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You are here : 3-RX.com > Medical Encyclopedia > Diet and Nutrition > Vitamin A
      Category : Health Centers > Food, Nutrition, and Metabolism

Vitamin A

Alternate Names : Retinol, Retinal, Retinoic Acid, Carotenoids Including Beta-Carotene

Overview & Description | Functions and Sources

Vitamin A is a fat-soluble vitamin which means it can be dissolved in fat. Vitamin A is carried through the body by fat. The body can store this type of vitamin in fat tissue. Getting too much can be harmful.


Vitamin A is usually measured in retinol equivalents, also called RE. The Recommended Dietary Allowance, called RDA, for vitamin A for adult men, from age 11 on, is 1,000 RE per day. Women, from age 11 on, should get 800 RE per day. There is no increase of vitamin A requirements during pregnancy but lactating women need about 500 RE or more per day.

Vitamin A can be stored in the fat tissues of the body. This can pose a problem for people taking extra doses of vitamin A. High doses can be toxic and cause symptoms such as the following:

  • headaches
  • dry and scaly skin
  • liver damage
  • bone and joint pain
  • vomiting or lack of appetite
  • abnormal bone growth
  • nerve damage
  • birth defects
  • In most cases, only levels 10 times the RDA (far more than a person could get through diet alone) have been linked with these symptoms. Vitamin A cannot reach toxic levels unless a person is taking extra doses. Carotenoids are not converted to vitamin A fast enough to increase the amount of vitamin A stored in the body. Beta-carotene is NOT toxic to the body.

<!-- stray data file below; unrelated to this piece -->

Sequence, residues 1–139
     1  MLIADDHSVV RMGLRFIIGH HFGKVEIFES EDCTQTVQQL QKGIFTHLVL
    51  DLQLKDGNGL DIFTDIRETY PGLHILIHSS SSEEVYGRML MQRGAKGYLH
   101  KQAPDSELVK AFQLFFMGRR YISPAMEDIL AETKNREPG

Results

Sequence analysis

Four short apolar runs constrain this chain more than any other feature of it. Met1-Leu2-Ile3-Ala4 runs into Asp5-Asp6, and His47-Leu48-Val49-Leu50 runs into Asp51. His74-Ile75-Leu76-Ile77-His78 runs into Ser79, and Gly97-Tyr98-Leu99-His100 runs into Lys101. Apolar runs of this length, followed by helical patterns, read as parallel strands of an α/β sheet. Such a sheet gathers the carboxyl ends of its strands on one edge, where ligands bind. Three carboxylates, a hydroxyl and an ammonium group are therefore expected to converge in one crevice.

Getting too little vitamin A can cause side effects too. Symptoms of significant deficiency include:

  • lowered resistance to infections
  • problems with getting pregnant
  • poor growth
  • improper tooth formation
  • rough, dry, and pimply skin
  • digestive problems
  • night blindness
  • eye disease, including xerophthalmia (zear-off-thal-me-ah), a condition in which the clear covering of the eye known as the cornea becomes dry and dull
  • Vitamin A is an important fat-soluble vitamin. Eat a variety of fruits, vegetables, lean meats, and fortified dairy products to ensure optimal intake of vitamin A. Read food labels to help choose foods with vitamin A content.


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    Vitamin A: Functions and Sources

    Author: Clare Armstrong, MS, RD
    Reviewer: Kathleen A. MacNaughton, RN, BSN
    Date Reviewed: 09/26/02

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